In order for a person to survive anywhere on earth they must have three essential commodities: food, water and shelter.
These are the basics for sustaining life.
In order for a job seeker to survive an increasingly demanding Australian workforce and sustain employment, there is one more essential – a driver’s licence.
For those not familiar with the Australian environment we are a nation that is not clustered in high density in a small confined area, but generally speaking, spread like vegemite – thinly over a wide area. This is because we have lots of available space. However, it comes at a price to our young jobseekers. Unfortunately our infrastructure is such that we do not have enough available transport and a high percentage of the workforce must drive to work.
As a result of road fatalities in mainly the 17 – 25yr old age bracket, requirements for gaining a driver’s licence have become tougher and tougher. Only a few short years ago a young person could get his or her driver’s licence within 6 months with maybe only 20 hours as a learner driver. Now they must complete at least 100 hours of supervised instruction/practice, submitting a logbook to Government authorities before actually taking a driving test. The cost to the learner for this whole process can be anywhere from $4000 to $7500 depending on how much assistance they receive along the way. This figure would increase greatly should there be any decision to increase the number of supervised practice hours that has been discussed already.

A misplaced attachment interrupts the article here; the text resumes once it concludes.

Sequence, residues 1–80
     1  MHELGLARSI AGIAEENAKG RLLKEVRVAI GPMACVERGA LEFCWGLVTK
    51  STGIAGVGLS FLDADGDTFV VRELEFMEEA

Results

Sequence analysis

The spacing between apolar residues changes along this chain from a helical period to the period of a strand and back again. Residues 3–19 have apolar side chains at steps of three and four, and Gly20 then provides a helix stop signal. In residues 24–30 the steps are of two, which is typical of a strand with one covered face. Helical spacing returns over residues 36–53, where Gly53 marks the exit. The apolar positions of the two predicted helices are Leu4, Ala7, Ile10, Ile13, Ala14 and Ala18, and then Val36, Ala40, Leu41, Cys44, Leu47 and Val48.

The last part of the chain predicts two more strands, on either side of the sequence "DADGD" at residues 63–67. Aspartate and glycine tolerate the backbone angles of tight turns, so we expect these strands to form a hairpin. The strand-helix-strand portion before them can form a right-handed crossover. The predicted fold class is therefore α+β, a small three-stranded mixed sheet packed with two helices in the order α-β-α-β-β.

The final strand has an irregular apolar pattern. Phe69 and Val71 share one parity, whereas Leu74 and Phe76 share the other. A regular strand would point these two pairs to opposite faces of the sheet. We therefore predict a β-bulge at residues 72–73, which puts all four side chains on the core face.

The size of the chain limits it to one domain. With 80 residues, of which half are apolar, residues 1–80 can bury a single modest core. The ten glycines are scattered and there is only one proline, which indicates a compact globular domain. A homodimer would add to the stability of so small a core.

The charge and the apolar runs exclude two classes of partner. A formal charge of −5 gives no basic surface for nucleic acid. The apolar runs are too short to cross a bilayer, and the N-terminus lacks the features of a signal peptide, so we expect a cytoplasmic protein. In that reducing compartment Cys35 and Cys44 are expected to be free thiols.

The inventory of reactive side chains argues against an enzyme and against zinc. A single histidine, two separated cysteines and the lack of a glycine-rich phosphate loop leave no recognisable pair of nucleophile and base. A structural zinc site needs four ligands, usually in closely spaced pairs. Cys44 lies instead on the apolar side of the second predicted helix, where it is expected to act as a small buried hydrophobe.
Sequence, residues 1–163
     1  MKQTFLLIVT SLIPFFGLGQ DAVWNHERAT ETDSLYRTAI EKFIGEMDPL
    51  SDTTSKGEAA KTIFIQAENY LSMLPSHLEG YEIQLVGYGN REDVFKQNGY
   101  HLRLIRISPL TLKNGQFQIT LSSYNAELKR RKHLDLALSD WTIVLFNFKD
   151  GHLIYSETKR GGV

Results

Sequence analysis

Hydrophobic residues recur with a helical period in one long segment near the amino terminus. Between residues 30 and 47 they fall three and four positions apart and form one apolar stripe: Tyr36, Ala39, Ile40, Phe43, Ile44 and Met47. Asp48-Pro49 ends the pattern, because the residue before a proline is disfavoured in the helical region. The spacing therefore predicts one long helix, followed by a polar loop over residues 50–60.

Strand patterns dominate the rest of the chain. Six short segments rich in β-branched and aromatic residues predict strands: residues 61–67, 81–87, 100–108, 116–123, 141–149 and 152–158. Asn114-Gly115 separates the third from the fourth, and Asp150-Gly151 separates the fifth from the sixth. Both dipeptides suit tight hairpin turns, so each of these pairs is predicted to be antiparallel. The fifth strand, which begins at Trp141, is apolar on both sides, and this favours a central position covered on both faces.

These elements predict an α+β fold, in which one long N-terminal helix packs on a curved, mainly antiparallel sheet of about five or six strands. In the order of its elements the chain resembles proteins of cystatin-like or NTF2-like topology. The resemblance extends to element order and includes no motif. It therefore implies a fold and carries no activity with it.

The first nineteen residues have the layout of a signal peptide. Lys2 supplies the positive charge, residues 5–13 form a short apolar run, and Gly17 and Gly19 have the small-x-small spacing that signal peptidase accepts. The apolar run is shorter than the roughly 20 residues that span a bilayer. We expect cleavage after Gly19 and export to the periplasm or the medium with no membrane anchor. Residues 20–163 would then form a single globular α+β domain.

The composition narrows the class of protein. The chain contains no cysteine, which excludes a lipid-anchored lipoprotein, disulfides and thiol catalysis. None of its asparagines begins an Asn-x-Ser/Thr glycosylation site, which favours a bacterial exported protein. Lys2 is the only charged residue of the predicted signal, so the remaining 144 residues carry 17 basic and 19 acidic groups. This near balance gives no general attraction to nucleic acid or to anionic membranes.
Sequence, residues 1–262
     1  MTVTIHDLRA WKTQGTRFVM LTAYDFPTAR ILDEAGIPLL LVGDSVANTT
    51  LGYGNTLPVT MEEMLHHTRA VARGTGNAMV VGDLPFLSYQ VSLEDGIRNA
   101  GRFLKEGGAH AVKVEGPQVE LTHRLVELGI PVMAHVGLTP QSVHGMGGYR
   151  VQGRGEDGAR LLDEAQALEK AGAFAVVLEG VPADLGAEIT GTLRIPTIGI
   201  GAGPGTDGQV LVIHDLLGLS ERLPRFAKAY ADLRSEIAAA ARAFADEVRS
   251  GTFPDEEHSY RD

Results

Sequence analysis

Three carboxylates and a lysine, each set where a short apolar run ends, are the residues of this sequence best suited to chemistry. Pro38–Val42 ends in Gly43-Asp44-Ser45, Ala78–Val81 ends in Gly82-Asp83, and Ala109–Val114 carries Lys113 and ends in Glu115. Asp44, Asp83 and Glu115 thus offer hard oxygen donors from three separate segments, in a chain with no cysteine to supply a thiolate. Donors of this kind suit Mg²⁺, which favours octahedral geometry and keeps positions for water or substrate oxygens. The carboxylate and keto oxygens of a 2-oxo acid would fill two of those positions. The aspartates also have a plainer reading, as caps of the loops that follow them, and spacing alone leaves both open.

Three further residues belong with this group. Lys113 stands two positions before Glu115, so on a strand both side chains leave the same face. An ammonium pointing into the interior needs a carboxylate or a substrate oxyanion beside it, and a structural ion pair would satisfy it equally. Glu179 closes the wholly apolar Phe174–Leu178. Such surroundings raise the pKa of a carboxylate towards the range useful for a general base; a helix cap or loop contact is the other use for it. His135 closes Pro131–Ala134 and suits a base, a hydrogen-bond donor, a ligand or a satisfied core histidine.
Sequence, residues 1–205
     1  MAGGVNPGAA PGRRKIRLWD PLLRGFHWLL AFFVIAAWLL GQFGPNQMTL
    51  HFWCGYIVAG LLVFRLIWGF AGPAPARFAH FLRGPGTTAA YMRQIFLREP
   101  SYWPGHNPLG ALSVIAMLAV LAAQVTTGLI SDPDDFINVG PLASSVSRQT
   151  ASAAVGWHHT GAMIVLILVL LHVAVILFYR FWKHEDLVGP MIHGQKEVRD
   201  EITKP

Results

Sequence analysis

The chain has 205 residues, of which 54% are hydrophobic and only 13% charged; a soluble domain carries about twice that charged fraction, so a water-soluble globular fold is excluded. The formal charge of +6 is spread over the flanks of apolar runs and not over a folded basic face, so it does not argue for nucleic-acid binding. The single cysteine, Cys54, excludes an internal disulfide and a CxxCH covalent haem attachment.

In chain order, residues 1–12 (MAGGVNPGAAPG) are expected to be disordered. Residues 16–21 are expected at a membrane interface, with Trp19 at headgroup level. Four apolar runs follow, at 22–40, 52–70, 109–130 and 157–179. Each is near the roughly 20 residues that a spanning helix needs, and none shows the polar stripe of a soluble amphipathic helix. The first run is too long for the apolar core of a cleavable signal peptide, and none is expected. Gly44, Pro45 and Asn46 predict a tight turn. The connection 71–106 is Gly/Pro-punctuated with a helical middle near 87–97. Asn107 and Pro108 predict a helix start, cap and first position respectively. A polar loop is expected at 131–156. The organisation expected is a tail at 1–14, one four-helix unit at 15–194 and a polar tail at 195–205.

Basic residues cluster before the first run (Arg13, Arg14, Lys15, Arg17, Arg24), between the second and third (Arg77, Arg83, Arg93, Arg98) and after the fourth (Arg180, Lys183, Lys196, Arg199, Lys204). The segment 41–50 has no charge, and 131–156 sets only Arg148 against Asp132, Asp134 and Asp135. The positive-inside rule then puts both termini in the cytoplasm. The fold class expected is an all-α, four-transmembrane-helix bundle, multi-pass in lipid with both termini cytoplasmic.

For a young person this can be prohibitive even for those with a part time job. For those who have parents ‘game’ enough to venture in the family car with their learner at the wheel out onto the OPEN ROAD, they will find it somewhat easier financially. However, this places enormous strain on family relationships. I have known of grown men who have undertaken therapy after such experiences.
The point I am making here is that we have now introduced another major requirement into our job seekers portfolio – a driver’s licence. It again widens the gap between the ‘haves’ and the ‘have-nots’. If a job seeker does not have a driver’s licence, let alone a car, it reduces the number of jobs they can apply for by 50%. Among those jobs requiring a driver’s licence, 60% will need a manual driver’s licence, not the automatic driver’s licence that a lot of young people find easier to manage.
So, where to from here? Safe and alive versus employed and independent?
This is a tough decision for our young people.
My question is, where is our government dollar best spent? High level industry training programs? Or helping these people get to work in the first place?
No real point in having a qualification if you can’t get to work or not able to drive in your job.
Aren’t we putting the cart before the horse again?